For those that didn’t know, Microsoft routinely issues Digital Millennium Copyright Act (DMCA) takedown requests to Google to remove particular links in question. When links are known to contain pirated or infringing material, these notices help in taking them down from the search engine giant. These requests are automated and sometimes can be faulty as in this new case reported recently in which Microsoft issued a takedown notice for links containing the word “OpenOffice.”
“While most of the submitted URLs do indeed link to infringing content, not all requests sent by Microsoft and other copyright holders are correct. Their often automated anti-piracy systems regularly trigger notices that include links to perfectly legitimate content, sometimes from direct competitors,” the report states.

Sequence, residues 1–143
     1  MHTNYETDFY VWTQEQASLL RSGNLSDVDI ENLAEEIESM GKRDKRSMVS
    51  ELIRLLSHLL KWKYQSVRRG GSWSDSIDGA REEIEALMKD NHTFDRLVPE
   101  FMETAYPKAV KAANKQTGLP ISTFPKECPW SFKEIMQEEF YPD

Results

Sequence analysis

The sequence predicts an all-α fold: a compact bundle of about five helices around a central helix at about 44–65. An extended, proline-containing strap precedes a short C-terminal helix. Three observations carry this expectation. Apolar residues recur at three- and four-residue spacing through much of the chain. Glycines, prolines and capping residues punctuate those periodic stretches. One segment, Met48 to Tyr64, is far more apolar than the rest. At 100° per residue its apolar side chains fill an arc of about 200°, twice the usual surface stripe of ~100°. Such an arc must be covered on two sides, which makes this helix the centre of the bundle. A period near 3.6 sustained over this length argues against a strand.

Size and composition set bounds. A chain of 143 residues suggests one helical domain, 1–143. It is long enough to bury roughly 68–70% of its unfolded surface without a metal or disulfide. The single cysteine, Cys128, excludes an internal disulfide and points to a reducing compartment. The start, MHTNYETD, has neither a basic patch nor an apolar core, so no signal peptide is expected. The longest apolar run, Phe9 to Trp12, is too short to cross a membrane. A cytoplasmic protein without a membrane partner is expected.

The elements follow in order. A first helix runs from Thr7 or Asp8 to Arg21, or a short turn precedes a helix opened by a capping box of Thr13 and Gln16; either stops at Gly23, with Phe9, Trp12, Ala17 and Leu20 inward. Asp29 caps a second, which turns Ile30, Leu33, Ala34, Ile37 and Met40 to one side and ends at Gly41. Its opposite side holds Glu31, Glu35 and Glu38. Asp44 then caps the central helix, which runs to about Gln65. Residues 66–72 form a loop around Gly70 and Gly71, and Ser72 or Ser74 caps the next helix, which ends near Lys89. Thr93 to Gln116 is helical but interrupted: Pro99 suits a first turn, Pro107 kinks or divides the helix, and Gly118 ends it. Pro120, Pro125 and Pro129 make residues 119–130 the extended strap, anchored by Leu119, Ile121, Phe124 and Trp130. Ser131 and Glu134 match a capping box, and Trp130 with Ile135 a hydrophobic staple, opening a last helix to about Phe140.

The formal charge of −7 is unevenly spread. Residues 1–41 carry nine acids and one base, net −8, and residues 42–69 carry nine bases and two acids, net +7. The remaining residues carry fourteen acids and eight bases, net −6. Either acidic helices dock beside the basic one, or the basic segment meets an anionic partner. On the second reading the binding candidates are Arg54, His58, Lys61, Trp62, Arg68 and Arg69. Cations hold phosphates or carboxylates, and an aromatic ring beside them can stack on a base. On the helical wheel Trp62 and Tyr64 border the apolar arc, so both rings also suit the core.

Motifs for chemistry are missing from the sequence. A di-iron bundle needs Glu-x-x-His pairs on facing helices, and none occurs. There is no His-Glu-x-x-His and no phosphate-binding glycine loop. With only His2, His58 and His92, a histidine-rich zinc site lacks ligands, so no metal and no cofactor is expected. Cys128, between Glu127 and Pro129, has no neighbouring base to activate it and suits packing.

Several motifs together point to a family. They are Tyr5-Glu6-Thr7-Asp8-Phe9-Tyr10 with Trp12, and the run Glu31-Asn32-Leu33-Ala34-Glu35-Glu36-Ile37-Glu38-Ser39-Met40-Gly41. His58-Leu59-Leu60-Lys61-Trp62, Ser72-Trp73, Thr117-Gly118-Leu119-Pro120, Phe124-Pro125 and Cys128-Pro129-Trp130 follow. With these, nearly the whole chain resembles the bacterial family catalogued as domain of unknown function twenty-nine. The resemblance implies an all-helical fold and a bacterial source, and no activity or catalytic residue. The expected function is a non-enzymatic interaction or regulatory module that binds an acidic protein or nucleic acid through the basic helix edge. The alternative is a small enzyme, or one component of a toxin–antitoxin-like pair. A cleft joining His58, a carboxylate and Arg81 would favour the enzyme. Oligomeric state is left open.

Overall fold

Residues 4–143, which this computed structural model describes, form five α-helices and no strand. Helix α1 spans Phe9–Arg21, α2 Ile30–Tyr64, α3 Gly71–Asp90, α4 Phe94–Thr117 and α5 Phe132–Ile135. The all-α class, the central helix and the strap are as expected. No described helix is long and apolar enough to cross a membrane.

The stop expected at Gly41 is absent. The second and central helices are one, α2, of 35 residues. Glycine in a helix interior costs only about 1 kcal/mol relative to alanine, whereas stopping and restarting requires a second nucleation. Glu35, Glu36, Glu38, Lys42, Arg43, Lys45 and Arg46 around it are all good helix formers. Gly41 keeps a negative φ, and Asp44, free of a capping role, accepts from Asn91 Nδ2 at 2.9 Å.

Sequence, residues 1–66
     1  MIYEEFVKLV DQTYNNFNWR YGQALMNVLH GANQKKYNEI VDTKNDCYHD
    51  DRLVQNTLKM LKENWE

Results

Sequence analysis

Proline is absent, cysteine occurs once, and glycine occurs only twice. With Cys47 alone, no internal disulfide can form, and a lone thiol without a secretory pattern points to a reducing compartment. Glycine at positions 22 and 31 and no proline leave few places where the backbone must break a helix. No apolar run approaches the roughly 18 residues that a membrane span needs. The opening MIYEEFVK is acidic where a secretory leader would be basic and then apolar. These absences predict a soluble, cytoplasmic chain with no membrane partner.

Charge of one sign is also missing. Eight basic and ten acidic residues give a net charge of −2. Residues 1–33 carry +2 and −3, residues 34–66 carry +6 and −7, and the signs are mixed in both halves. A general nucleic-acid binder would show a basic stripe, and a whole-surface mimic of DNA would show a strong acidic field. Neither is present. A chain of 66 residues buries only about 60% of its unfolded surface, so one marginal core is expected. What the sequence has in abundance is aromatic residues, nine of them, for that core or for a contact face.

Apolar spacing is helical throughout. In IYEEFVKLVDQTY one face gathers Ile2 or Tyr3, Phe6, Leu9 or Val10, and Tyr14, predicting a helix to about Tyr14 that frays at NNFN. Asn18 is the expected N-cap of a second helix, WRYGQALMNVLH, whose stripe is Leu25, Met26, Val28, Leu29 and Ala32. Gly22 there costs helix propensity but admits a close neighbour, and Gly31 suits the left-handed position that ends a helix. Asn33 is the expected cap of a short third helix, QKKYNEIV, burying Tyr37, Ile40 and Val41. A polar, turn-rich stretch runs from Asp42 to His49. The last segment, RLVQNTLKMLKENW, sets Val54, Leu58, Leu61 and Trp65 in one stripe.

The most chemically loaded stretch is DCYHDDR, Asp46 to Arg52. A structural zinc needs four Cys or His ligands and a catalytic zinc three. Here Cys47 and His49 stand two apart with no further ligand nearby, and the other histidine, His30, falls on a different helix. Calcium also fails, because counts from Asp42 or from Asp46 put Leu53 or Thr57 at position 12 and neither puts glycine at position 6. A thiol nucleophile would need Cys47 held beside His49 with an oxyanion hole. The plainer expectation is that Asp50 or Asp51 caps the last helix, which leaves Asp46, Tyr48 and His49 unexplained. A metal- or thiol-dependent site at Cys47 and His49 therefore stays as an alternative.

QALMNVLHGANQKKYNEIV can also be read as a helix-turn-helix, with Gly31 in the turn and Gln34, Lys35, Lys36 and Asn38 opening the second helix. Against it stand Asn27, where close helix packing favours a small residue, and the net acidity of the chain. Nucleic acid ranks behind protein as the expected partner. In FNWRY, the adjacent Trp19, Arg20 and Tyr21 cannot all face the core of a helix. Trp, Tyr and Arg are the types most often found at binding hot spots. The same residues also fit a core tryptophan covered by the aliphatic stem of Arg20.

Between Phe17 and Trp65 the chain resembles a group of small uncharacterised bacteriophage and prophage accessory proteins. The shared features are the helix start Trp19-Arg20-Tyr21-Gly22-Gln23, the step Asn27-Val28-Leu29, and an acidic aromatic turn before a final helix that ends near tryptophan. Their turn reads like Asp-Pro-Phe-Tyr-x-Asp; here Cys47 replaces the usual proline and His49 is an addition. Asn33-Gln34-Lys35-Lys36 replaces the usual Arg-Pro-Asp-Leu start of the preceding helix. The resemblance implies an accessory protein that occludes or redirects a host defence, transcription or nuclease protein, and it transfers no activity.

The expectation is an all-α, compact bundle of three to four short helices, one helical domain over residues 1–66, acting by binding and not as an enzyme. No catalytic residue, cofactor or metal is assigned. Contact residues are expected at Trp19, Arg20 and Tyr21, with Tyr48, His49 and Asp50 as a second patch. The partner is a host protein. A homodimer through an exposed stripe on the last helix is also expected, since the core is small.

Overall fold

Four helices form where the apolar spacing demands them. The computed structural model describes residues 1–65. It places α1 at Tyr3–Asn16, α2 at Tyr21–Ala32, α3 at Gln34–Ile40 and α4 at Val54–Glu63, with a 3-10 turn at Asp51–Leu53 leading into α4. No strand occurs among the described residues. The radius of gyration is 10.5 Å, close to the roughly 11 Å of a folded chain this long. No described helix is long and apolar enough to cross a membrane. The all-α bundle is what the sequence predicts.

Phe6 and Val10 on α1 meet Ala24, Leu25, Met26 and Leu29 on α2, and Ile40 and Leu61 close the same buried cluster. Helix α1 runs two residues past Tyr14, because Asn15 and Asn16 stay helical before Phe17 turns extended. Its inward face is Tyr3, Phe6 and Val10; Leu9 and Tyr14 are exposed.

Microsoft recently sent notices to Google to remove references to pirated copies of Microsoft Office and that request also contains links to Apache’s open source office suite called OpenOffice. This automated mistake simply picked up the word “Office” in the name “OpenOffice.”
While some of these requests can be mistakes, they are far from harmless. Google will down rank a website based on the number of DMCA notices it receives.
“Microsoft is committed to ensuring copyright is respected online and enforcement measures are appropriate and accurate. We apologize when a notice is mistakenly directed to non-infringing content and take immediate action. We are committed to fixing the process that led to this result,” Microsoft stated in response to the OpenOffice takedown request.
Microsoft recently issued a Digital Millennium Copyright Act (DMCA) takedown request against itself, requesting that Google remove links to particular Microsoft websites. However, these requests to remove URLs that allegedly link to infringing content are not always legitimate. Thankfully, Google caught on to this and was there for the rescue.Further reading: DMCA, Google, Microsoft, OpenOffice